I’ve read Kim Newman before – The Bloody Red Baron – so knew at least something of what I was letting myself in for. What I had forgotten was the delightful and playful way he weaves the real and the fictional into a compelling and highly original, to say nothing of outrageous and hilarious, tale of the power struggles of vampires now very much in the public eye. The basis of this frankly bizarre ‘alternate world’ is that the Bram Stoker story is true (indeed was a subversive and banned book under Dracula’s rule of England) but that he survived the supposed victory of human over vampire, emerged into the light – metaphorically speaking – and began creating a European dynasty for himself and his kind. Vampirism in effect goes mainstream distorting history, culture and economics along the way (part of the continual fascination in the book is the plethora of little details – like raspberry ripple ice cream where the ‘ripple’ is in fact blood – that make it out as a very different world). The characterisation is practically flawlessly handled although the author does sail very close to the wind from time to time but always manages to pull back before comedy becomes farce. There is a real love of the genre here and not simply a jumping on the band-wagon. Newman knows his subject and milks it for all he’s worth. The plot moves at a generous pace and certainly kept me guessing almost to the end. He has created a compelling and totally believable universe where fiction vampires (and fictional humans) co-exist uneasily with the rest of us. A delight and, in consequence, recommended. More of Mr Newman to come I think!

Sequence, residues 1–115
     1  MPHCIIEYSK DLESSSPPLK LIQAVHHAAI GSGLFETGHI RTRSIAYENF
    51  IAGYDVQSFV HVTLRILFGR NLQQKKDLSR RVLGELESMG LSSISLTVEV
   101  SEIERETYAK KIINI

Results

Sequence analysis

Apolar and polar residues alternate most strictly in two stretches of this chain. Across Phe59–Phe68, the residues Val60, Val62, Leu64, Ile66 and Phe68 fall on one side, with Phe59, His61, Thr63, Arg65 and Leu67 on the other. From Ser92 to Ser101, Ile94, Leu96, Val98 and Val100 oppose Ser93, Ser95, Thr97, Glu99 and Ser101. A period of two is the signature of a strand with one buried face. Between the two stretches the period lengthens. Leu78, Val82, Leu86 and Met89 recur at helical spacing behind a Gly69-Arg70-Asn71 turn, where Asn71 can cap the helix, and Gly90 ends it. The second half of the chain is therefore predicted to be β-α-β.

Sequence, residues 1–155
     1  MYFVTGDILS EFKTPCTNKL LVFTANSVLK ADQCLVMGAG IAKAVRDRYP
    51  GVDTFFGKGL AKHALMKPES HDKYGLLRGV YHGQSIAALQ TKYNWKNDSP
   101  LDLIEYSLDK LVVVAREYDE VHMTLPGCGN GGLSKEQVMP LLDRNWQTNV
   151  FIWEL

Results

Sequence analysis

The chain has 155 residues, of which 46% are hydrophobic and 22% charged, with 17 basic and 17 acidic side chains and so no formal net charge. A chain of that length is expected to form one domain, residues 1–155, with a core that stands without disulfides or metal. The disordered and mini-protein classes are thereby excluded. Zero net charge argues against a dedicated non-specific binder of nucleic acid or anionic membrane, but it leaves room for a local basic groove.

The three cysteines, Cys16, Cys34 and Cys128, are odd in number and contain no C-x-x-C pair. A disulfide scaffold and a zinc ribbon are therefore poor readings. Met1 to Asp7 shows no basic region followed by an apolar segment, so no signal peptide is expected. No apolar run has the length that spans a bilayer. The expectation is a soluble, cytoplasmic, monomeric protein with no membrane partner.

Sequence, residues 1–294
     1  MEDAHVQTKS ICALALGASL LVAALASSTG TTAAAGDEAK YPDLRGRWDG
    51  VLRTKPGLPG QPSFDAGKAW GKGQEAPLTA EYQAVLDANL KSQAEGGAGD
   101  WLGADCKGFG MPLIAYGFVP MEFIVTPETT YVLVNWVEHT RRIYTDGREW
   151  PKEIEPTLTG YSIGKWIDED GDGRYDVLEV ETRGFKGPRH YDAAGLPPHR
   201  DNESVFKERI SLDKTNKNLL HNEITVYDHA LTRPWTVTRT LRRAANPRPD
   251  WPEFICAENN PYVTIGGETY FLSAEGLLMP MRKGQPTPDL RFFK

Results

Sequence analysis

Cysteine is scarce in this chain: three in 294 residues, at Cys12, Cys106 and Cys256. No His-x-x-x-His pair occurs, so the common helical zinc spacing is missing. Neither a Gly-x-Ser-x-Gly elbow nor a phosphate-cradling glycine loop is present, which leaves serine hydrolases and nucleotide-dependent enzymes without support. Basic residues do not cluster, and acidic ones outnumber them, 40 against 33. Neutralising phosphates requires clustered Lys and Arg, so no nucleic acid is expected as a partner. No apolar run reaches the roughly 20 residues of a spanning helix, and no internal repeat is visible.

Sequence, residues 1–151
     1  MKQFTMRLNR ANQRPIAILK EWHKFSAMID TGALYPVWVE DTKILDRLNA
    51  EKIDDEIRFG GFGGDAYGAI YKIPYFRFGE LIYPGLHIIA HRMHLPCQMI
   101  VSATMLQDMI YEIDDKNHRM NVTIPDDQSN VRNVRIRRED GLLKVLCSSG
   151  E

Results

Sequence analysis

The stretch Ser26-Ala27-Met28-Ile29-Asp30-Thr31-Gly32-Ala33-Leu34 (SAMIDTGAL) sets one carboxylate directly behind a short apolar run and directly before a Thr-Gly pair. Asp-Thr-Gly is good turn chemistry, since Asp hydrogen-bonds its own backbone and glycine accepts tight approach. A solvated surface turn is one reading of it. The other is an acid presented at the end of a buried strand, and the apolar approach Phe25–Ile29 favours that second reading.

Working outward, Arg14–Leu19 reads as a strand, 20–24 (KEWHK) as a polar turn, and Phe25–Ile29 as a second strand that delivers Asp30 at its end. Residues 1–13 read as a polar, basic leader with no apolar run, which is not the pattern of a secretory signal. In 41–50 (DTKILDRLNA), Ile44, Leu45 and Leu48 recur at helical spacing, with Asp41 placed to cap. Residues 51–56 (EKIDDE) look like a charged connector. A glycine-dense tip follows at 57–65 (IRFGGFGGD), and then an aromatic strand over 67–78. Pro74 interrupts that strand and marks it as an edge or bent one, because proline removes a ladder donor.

Monday, August 26, 2013



My Favourite Movies: The Mummy

Way back in 1999 when I still went to the cinema at every opportunity I took a chance and saw this movie. Maybe it was because even after all that time I still had fond memories of Raiders of the Lost Ark which this film seemed to be channelling. Maybe it was because it just looked like fun, lots of fun.